– Courses for the unemployed funded by the European Social Fund

– Disaster relief funding e.g. the 60 million euro we received for flood relief in 2017

– Free movement for musicians and their instruments, bands and their equipment, artists and their materials etc.

– Enhanced environmental protections

– Court of last resort (ECJ)

– REACH regulations & EU Chemicals Agency, improving human, animal and environmental safety around chemicals

– Pan-EU medicine testing and licensing

– Security cooperation and sharing of crime/terrorist databases

– European arrest warrant

– EURATOM for medical isotopes

– Support for rural areas

– Better food labelling

– EU funding for the British film industry, theatre and music

– European Capital of Culture programme, which has boosted cities such as Glasgow and Liverpool

– Service providers (e.g. freelance translators) can offer their services to clients all over the EU

– No UK VAT or duty on imports from the EU (great for online shopping)

– EU citizenship (it’s a thing – look it up!)

– Cross-border collaboration on taxes, e.g. to hold huge firms like Amazon and Facebook to account more than we otherwise could

– Venture capital funding

– Legal protection for minority languages such as Welsh

– Mutual recognition of academic qualifications

– No credit and debit card surcharges

– EU structural funding (over £2 billion to Liverpool alone) with matched private funding requirement

– Supporting and encouraging democracy in post-communist countries

– A bigger presence on the world stage as a key part of the largest trade block in the world

– Use of EU queues at ports and airports

– Products made or grown in the UK can be sold in 31 countries without type approval, customs duties, phytosanitary certificates etc.

– Protection from GM food and chlorinated chicken

– Objective 1 funding for deprived areas and regions

– Financial services passport, enabling firms in the City to service the whole EU market

– Strong intellectual property protections

– Mutual recognition of professional qualifications

– Consular protection from any EU embassy outside the EU

– Minimum baseline of worker protections (which we can always improve on)

– Enhanced medical research prospects

– A friend to cosy up to against the might of the USA and China

After all that, do you *really* still begrudge 34p per day? If so, what’s wrong with you?


One overview I have is that the author is too young to have known what things were like pre-1973 and seems to assume that nothing can be done in cooperation with Europe unless one is a member of the EU.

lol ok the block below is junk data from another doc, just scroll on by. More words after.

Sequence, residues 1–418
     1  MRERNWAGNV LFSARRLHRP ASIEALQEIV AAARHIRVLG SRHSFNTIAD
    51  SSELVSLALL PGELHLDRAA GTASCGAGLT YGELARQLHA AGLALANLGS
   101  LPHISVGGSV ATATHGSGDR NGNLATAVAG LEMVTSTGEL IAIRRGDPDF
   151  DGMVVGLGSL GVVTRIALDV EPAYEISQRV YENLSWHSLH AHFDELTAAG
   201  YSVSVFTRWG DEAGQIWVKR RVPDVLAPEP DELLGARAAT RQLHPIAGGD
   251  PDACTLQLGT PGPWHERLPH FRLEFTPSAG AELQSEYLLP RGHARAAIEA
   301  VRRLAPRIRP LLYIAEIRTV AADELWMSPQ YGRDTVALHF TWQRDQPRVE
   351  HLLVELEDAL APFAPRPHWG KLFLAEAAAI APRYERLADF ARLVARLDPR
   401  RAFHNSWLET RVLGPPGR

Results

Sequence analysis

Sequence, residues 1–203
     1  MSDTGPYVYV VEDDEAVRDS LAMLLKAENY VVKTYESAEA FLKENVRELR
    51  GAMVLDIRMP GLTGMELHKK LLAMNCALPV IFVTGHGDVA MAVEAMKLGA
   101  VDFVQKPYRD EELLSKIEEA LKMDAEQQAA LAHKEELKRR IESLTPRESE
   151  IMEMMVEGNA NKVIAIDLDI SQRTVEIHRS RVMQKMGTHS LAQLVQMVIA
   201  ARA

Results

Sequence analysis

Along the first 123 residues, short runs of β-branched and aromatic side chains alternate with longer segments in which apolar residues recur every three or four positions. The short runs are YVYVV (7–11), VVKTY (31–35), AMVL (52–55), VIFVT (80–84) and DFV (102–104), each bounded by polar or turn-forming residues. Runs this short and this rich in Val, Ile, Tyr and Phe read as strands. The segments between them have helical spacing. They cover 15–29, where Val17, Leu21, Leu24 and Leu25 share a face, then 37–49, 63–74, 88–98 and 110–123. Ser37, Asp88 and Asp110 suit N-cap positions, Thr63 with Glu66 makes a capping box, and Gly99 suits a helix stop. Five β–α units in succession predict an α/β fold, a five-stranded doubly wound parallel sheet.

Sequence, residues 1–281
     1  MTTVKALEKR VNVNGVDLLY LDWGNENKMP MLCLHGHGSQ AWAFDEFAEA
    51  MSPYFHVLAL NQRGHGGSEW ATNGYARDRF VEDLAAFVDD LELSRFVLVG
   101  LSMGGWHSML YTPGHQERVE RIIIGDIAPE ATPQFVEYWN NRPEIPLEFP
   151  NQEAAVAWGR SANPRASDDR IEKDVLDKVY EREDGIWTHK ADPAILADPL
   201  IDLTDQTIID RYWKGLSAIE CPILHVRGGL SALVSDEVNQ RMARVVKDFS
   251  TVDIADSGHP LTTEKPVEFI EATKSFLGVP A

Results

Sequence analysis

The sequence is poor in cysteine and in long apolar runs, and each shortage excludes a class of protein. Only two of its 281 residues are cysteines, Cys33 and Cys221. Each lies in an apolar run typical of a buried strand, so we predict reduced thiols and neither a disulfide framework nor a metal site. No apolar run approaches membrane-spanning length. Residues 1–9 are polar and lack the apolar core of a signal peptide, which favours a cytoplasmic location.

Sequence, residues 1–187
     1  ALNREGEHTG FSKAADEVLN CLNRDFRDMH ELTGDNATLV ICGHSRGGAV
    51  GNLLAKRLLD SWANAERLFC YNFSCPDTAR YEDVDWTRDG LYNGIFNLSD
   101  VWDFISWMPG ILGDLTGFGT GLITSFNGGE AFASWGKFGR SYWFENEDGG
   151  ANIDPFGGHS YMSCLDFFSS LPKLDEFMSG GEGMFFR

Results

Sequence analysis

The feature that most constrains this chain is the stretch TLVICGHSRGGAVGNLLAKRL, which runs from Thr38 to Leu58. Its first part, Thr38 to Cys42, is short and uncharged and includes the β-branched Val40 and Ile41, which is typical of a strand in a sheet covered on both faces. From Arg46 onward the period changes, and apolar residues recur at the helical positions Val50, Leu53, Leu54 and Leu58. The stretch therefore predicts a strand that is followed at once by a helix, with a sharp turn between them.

Putting that aside, another general comment is that it would be instructive for the author – or sp – to divide the list into Essentials and Nice to Have, something done in business, to determine priorities and to provide perspective.

As to specifics . . .  I’ve said before that I don’t subscribe to the major argument that the EU has saved Europe from war. Possibly one in which a (yet again) resurgent Germany invaded Belgium and tried to get back Alsace and Lorraine. Not to mention Prussia. It may well be, as sp says, that the founders of the EU forerunners had this as a motivation and aim – who the hell could blame them so soon after WW2? – but this is not a persuasive argument for events since then. Not for me, anyway. As the Romans put it – Post hoc, ergo propter hoc.

A second way to divide the list would be:-

1. Those things lost to the UK which would have been retained if the UK had gone for an EFTA/ EEA model.

2. Those things lost to the UK which would have been retained if the UK had gone for Richard North’s Flexcit, involving a gradual – and cooperative – exit over several years.

3. Those things lost to the UK because of Johnson’s very poor and dishonest Brexit deal. These, of course, cover everything in the list above.

The purpose of this would to be show – admittedly academically – that it’s not Brexit per se which has led to the current situation but the dreadful deal struck by the UK and the EU. It didn’t really need to be this way.

The bottom line is that, with a bad deal done, no one really knows whether or not it’ll prove beneficial to the UK in the longer run, whatever the near term hit on the economy (and my pension) turns out to be. As it is, Covid had considerably clouded the issue in the very near term, meaning that Boris Johnson is very much more lucky than competent. And that’s something which surely must change. Possibly even before the next general election.

But, yes, some things have certainly been lost. For example the life enjoyed by Brits who lived here in Spain below the horizon and didn’t seek residence and pay their Spanish taxes. As I’ve said, I find it difficult to feel sympathy for these folk. Likewise those who didn’t live here for more than 60 days and rented out their property – tax-free – for much/most of the year. They’ve lost what they were never entitled to, it might be said. And they should have seen it coming and put their affairs in order before the deadline.